Read more than you ever wanted to know about pink slime
on InsideCounsel: ABC News wants "pink slime
" lawsuit in federal court ABC News sued for defamation over "pink slime
" reports "Pink slime
" controversy continues to rage
(BPI), a leading processor of lean finely textured beef (LFTB), sued the news network in South Dakota state court last month, arguing that its sales plummeted after ABC used the stomach-churning "pink slime
" moniker in reference to its product.
Other defendants in the suit include ABC News anchor Diane Sawyer, reporters Jim Avila and David Kerley, and Gerald Zirnstein, a former USDA microbiologist who coined the term "pink slime
" in a 2002 email.
Regardless of whether pink slime
is sustainable or safe, BPI announced last week that it was suspending operations at plants in Iowa, Kansas and Texas because of the public outcry.
, which also goes by the less colorful name of "finely textured beef," includes beef scraps and connective tissue that are separated during processing, and then added into ground beef.
Only a few years ago, we were afraid that our nuggets were made of "pink slime
", a distressing mixture of mechanically separated meats and additives.
Read: (http://www.ibtimes.com/pink-slime-factories-brace-permanent-shutdown-bpi-slashes-650-jobs-697302) 'Pink Slime
' Factories Brace For Permanent Shutdown, BPI Slashes 650 Jobs
Furthermore, an ABC News report was highlighted on social media that coined the term pink slime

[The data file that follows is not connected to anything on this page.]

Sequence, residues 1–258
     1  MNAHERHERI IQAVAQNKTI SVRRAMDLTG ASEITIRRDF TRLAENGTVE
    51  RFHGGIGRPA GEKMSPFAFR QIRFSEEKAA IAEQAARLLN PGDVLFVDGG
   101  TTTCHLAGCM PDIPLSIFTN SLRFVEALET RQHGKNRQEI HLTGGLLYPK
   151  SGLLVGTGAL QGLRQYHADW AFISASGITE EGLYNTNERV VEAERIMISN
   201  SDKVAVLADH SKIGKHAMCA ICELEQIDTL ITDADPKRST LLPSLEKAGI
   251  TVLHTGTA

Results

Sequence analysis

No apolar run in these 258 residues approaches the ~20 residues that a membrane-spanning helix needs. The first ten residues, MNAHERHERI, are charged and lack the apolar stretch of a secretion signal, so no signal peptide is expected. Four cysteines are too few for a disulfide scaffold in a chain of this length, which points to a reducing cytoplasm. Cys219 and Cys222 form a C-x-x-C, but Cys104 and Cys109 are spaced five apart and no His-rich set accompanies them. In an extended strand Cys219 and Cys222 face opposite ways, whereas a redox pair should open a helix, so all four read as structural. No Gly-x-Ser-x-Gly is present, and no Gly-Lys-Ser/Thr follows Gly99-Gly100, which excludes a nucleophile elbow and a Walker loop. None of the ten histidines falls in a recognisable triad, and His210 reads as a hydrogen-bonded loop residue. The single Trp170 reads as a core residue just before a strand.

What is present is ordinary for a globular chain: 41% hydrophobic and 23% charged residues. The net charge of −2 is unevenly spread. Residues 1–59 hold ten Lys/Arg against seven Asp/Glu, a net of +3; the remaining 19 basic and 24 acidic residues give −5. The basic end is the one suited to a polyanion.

to describe the pale pink, 100% beef product, and then questioned the product's safety by calling it dog food.
There was also "black residue and pink slime
" in an ice machine, the suit alleges.
The fast food giant has long had to battle with rumours of "pink slime
" being used to make popular snacks such as McNuggets and the Big Mac.
Ebola, the Islamic State, identity theft, school shootings, pink slime
- we're adrift in an age of free-floating and unarticulated fears.
Another guide says the patties do not contain lean finely textured beef, an ingredient widely referred to as ''pink slime
'' that became the subject of controversy a few years ago.
The reason most often cited is that schools did not want to include in their hamburgers a product that some media outlets labeled as "pink slime
." However, reports now indicate that higher beef prices appear to be overcoming consumers' resistance to buying the lower-priced lean, finely textured beef.
As a means of pursuing our research objective, we next apply exemplification theory to the controversy surrounding the portrayal by ABC News of Lean Finely Textured Beef (LFTB), produced by Beef Products, Incorporated (BPI), as "pink slime
." Specifically, we summarize how the ABC News accusations manifested in an exemplar and then analyze the BPI response to ascertain the crisis communication challenges the company faced.
Consumer worries about "pink slime
"--a product known in the industry as "lean, finely textured meat" and that for years had been a fixture in most ground beef--were stoked two years ago when chef Jamie Oliver demonstrated on television how the product was made.